On an impulse the Managing Director called me to his room and lamented about the ERP tragedy. He needed help. He wished, at best, to run the legacy system for a week, and then switch it off.

The following rapid fire conversation followed:
“What can you do for me?”
“I don’t have any experience with ERP.”
“Think. Aren’t there any quality tools?”
“Think. There must be.”
“ Well. If you are open for an experiment….?”
“Tell me!”
“I can try using Failure Mode & Effect Analysis. It’scalled FMEA.”
“How many days do you need?”
“How many experienced minds can you give me?”

We formed ten teams. FMEA was applied by each team to one of the ten critical processes over the next 24 hours. The risks were identified. Innovative solutions were implemented to contain the multiple risks.

In three days the Managing Director switched off all the related legacy processes. In two weeks the ERP system functioned as smooth as silk.

Reducing the legacy time, reduced enormous COPQ.
Sweating the Training
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Lessons Learned
  1. Training starts at the top
  2. Leaders must be extraordinary trainers and coaches
  3. A cascading model for training is the most cost effective
  4. Debriefing is a key step for effective training
  5. The training process starts with debriefing; and ends at coaching the next level
  6. In a cascading model, the pre- and post-training effort is at least ten-fold more than the actual training man-days
  7. The key concepts included in the training get internalized, and therefore become easily actionable
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Source: Quality Fables Book 1, Fable number: 10

In the 1990s, a multi-national business machine manufacturer was a preferred employer at engineering and management schools. Candidates considered it an extraordinary learning organization.

So why was the Chairman, the primary investor in this joint venture, sweating it out in his chamber? And car? And home? This was biting Delhi winter!

Well, as it turned out, he had been directed by the European office to attend a top management training program in Switzerland.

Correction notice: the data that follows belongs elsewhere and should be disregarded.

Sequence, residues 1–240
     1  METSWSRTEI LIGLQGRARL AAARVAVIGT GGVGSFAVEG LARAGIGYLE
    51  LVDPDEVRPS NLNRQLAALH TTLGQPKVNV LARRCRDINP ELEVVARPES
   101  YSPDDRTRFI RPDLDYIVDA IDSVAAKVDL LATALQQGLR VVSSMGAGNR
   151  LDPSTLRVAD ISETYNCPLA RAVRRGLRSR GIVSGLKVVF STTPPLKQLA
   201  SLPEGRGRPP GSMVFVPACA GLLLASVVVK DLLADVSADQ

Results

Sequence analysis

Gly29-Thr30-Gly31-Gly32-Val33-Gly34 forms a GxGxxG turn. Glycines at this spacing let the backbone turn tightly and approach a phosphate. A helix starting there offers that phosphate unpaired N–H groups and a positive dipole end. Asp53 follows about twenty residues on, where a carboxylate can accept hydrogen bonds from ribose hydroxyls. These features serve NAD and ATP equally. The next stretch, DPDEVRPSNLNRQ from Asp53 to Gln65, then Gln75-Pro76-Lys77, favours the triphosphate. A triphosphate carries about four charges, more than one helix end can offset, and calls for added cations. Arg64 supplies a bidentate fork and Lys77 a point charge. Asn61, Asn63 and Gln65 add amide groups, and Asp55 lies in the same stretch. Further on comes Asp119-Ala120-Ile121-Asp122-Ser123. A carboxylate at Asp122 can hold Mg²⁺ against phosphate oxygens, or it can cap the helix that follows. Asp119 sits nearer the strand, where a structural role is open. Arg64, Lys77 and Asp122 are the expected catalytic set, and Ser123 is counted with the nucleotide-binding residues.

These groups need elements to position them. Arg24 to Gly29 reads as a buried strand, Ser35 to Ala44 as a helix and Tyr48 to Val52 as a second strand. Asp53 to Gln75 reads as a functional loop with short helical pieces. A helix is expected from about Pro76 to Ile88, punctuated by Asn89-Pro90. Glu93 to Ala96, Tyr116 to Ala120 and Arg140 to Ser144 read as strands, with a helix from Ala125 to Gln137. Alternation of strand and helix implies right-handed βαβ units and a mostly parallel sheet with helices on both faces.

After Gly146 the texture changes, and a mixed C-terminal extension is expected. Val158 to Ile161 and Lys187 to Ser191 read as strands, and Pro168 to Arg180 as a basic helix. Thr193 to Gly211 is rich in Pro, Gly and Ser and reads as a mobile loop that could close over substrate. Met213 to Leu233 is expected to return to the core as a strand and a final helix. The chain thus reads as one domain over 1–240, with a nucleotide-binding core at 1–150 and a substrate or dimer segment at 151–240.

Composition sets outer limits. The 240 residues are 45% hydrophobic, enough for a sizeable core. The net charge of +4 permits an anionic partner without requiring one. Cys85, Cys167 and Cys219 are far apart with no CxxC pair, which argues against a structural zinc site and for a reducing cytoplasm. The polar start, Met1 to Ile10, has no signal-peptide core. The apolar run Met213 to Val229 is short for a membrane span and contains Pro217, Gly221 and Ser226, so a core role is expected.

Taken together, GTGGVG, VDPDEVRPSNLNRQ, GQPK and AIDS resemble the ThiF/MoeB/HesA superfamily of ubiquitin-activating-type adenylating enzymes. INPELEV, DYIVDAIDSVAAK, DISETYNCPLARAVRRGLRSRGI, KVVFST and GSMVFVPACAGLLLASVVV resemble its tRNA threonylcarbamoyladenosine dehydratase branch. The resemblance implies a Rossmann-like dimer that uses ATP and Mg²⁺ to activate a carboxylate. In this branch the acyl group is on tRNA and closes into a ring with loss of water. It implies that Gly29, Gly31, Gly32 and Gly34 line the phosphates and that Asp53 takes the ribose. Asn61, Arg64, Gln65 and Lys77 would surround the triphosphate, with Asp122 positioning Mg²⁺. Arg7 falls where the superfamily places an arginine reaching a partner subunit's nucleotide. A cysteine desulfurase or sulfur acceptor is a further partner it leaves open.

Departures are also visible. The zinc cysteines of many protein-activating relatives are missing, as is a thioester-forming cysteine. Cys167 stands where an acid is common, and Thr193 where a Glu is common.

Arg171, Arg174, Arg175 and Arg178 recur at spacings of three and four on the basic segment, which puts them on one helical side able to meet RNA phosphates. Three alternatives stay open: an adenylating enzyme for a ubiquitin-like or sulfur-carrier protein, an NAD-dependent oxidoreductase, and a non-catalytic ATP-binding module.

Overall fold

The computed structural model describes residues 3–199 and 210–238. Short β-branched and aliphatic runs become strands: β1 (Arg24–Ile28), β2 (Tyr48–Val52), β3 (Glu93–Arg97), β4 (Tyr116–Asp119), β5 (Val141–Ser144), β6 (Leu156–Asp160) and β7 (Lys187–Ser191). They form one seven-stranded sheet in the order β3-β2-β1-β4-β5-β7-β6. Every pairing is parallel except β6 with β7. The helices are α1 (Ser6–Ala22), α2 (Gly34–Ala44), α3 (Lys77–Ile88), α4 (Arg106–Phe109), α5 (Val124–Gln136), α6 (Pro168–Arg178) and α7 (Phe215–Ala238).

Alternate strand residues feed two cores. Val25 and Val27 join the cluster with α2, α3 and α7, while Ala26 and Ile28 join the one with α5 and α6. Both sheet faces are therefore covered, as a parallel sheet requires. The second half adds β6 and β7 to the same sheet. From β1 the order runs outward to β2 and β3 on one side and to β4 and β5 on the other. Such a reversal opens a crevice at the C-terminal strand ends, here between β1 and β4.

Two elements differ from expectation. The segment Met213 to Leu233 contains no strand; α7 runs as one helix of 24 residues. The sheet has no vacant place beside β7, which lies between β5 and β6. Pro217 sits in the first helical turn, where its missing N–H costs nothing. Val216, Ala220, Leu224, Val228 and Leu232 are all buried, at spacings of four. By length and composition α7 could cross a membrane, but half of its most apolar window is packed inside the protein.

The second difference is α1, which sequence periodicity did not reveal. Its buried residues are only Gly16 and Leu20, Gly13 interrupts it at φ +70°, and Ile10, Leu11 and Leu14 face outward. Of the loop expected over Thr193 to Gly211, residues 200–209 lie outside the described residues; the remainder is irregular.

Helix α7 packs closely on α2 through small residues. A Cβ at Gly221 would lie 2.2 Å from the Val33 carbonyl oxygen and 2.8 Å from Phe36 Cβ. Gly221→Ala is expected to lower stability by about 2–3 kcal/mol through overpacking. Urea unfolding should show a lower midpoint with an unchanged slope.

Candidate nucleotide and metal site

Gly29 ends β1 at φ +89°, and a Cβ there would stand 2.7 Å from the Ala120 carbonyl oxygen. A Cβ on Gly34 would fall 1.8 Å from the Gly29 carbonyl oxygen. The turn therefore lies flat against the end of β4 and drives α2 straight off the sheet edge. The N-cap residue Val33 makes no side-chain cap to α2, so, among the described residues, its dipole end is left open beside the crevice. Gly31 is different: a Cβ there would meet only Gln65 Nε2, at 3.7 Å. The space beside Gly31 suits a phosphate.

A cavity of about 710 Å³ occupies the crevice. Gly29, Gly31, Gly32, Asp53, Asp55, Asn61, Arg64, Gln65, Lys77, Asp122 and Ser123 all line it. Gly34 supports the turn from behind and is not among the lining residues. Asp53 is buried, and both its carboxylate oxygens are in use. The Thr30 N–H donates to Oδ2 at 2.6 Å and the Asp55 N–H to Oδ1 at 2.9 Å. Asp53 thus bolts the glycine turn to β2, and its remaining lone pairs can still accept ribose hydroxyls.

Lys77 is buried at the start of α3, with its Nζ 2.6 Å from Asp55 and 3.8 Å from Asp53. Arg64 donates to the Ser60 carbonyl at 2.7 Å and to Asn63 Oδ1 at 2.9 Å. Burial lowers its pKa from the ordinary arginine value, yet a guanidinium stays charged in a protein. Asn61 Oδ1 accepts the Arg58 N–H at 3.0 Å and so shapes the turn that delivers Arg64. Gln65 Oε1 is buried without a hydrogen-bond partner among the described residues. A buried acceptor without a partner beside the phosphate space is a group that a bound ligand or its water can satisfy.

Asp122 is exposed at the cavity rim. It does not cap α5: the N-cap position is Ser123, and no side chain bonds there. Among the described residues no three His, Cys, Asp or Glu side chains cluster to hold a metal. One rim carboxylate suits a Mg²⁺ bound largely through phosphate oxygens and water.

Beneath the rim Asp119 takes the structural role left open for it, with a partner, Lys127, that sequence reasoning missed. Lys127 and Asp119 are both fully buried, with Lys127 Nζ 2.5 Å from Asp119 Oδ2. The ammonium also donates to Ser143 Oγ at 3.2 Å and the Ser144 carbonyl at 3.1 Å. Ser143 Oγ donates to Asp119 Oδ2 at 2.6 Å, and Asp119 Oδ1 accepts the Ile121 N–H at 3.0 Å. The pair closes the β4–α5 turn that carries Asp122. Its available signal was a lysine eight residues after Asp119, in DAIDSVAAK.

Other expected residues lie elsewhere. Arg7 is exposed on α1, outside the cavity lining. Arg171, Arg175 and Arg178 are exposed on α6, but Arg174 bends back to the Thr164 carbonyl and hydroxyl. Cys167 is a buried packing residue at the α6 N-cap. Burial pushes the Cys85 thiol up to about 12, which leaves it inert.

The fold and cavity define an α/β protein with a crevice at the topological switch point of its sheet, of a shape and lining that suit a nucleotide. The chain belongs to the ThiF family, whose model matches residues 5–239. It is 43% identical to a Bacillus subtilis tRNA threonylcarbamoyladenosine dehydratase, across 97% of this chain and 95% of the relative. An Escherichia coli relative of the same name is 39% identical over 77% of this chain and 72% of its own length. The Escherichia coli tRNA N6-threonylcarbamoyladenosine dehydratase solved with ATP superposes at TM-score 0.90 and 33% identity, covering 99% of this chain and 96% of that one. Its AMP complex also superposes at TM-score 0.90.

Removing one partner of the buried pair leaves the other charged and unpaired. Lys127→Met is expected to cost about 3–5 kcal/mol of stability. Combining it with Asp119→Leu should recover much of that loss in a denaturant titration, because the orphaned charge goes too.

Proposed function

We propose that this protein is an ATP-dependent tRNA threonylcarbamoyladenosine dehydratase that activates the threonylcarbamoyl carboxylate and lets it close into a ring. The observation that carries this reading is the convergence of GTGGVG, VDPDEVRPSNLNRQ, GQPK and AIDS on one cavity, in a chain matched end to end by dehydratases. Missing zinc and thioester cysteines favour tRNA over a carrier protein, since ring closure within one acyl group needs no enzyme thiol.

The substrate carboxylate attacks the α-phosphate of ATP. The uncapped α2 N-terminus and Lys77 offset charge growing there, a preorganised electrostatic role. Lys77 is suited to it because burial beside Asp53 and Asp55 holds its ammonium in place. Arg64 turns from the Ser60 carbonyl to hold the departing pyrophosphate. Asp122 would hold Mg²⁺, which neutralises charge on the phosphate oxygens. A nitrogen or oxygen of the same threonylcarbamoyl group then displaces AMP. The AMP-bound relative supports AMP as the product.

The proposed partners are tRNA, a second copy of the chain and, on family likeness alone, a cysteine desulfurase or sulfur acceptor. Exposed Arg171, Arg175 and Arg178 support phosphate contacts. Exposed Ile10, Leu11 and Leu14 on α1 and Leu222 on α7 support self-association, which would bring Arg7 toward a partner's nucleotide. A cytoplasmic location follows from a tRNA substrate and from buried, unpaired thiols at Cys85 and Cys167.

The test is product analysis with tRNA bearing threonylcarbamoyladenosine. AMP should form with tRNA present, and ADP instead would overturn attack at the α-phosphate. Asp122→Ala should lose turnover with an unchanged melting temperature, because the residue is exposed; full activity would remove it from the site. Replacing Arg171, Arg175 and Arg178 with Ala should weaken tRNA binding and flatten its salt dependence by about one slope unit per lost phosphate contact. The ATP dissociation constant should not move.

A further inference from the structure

“That’s nice” was my reaction.
“That’s not nice” was the Chairman’s correction to my reaction.
“Why Sir?”

As I recall, the debriefing included the following guidelines:
  1. You will be attending this top management training program and be expected to absorb the content from a trainer’s paradigm.
  2. Next, you will be required to replicate the training for your senior managers. The senior managers will in turn be required to replicate the training for middle-level managers. The quality of training must remain undiluted.
  3. Your role when senior managers conduct their respective trainings will be that of a coach to each of these senior managers.
  4. As a first step, please get familiar with the course materials contained in this packet.
I now understood this young Chairman’s predicament. Even though he was a recent Ph.D.

People Listen to What You Say; They Believe What You Do
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Lessons Learned
  1. Top management actions define an organization’s culture
  2. Continuity in customer-focused culture is vital for survival and success in a competitive market
  3. Professionalism starts with respecting one another’s time
  4. Get the commitment first. Change in behavior will follow
  5. Keep your promises to be trusted by your colleagues
  6. Hearing the voice of the final consumer is the best education for all levels of management
  7. The secretary is a treasure of information
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Source: Quality Fables Book 1, Fable number: 21

Leadership is all about “Walk Your Talk”. People listen to what you say; they believe what you do.

I refer to an established organization that appoints a Chairman every five years, through a transparent process extending over a couple of years.

This is an organization that is known for its focus on customers in a competitive national market for consumer products.

On an extended assignment with this company - involving monthly visits for facilitating and coaching Quality Improvement Teams - I was impressed by the diligence of the members. Monthly assignments were completed to perfection.

Yet these team members were all salesmen! In normal course they were hardly ever in office. In fact not being in the field was considered a cardinal sin. To top it all these salesmen had high frequency transferable jobs.

These professionals were organized. They were well educated and groomed. They respected one another’s commitment to Quality Improvement of the Sales Processes, and made sure each was present at the weekly two hours meeting. In addition, they coordinated their own time during the week to complete the tasks assigned to each individual. In spite of all this extra load they never lost focus of the customer.

I have heard of “Customer is Number One”, but here it was live. It was a culture in this organization. The system supporting the customer was simple and robust. Obviously, it all starts at the top.